slowpoke well

route 33 to the future

Category: Geekery

Automagic Screenshot Twitter Account

I watch a ton of animu. I also take a lot of screenshots while doing so. Occasionally, I will post some of them – mostly the silly or cute ones – to my Twitter Account, sometimes with a more or less funny comment.

Last night. I had the idea of making a separate account so I could spam screenshots as much as I want without annoying my followers too much. I immediately secured @slowpokeshots, then realized it would be pretty cool if I could automate this. Since I had planned to write something interfacing with the Twitter API for quite a while, I quickly looked for some viable libraries, found this nice python package, and set out to hack something together.

Now, some two hours later, I have a working, if somewhat hackish, script that automagically uploads every screenshot I take in mpv (the player you should seriously be using if you’re on any Linux distro) to the aforementioned Twitter account.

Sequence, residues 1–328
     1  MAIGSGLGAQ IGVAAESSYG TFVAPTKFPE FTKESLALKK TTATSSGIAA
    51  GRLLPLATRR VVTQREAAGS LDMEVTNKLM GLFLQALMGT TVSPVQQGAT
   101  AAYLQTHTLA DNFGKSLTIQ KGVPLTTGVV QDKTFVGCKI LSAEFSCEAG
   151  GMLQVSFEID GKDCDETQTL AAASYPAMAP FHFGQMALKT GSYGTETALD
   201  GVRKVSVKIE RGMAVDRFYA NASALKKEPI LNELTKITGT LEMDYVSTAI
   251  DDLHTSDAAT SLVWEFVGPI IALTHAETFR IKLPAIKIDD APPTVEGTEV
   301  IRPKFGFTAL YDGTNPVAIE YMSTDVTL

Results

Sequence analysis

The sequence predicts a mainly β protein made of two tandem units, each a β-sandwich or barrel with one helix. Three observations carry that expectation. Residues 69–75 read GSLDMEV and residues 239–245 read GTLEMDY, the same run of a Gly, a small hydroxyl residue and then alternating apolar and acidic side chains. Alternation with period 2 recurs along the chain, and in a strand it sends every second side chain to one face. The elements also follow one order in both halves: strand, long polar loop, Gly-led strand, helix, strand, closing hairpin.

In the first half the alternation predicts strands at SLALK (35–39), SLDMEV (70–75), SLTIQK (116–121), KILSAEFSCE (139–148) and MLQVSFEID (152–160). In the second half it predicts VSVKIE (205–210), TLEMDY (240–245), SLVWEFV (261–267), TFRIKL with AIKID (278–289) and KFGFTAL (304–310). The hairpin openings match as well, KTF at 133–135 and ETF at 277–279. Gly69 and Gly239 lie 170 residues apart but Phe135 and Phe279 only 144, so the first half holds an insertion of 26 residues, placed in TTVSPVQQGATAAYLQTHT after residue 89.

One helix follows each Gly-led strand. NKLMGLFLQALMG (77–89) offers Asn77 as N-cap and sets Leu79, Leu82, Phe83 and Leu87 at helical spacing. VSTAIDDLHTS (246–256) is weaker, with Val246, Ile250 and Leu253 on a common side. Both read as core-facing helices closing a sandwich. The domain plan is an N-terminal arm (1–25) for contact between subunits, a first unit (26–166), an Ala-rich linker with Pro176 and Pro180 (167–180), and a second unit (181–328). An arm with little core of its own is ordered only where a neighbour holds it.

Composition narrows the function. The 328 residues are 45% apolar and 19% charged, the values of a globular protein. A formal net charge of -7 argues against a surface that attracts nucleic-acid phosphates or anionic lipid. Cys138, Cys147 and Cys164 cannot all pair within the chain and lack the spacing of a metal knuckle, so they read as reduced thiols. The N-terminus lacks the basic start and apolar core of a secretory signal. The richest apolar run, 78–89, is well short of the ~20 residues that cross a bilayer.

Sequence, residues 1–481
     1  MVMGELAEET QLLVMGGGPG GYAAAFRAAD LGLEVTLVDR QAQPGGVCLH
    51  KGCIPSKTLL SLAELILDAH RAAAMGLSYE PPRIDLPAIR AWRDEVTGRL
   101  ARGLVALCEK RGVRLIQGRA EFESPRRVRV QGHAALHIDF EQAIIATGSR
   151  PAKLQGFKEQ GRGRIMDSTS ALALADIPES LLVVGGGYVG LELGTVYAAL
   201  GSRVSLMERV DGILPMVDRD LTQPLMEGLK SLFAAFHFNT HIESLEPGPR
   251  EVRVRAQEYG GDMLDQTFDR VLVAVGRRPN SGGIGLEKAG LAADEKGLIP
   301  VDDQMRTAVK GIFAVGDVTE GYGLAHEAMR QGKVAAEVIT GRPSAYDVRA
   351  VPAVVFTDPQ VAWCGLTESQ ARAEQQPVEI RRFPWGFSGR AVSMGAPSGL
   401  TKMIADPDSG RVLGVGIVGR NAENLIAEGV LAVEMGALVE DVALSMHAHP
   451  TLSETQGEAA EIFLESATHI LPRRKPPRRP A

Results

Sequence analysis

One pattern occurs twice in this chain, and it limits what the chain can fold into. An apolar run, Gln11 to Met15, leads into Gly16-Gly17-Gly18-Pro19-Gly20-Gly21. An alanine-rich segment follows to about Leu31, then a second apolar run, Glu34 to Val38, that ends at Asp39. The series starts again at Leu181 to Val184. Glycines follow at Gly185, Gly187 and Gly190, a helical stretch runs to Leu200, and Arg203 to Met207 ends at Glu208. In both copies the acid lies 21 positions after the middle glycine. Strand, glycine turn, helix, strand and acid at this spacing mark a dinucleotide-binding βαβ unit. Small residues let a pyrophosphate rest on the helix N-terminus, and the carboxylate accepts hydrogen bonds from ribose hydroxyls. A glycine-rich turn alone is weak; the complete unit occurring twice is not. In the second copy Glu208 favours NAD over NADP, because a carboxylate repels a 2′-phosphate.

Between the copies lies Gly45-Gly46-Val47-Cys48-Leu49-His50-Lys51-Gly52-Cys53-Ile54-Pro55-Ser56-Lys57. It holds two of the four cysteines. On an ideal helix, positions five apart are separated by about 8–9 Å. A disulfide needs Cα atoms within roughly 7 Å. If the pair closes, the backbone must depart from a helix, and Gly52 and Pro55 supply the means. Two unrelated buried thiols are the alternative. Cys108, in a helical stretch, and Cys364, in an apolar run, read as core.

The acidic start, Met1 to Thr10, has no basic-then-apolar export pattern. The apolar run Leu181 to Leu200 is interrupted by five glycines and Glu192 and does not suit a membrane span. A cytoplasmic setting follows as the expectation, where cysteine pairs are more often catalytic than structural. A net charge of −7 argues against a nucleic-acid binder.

Now, how does this work?

The simplest part is actually interfacing and uploading stuff to Twitter. Basically everything is already taken care of by the aforementioned python library, though I had a little derpage with OAuth in the beginning.

The somewhat harder part was interfacing with mpv, which has no API in the strictest sense. What it does have, however, is the ability to read commands from a named pipe (a FIFO file). I’ve fucked around with this a bit before because it essentially allows you to very simply remote control mpv over SSH – you simply echo stuff like “pause” into the file, MPV(1) has a list of all
commands it accepts (see the “List of Input Commands” section).

This input file must either be passed to mpv with every invocation via –input-file, or configured in ~/.mpv/config. In my case, it’s set to /tmp/mpv.fifo, which is created during X startup.

Now, there are three commands for mpv of interest: screenshot, screenshot_to_file, and run.

The first two are somewhat self-explaining. screenshot takes a shot, named according to whatever is specified in the screenshot-template option. In my case, it will put them into ~/screenshots and name it after the filename of the video plus a four digit incrementing number (again, see MPV(1) for how to configure screenshot-template). This is not super-important to the use case at hand, but I thought I’d mention it.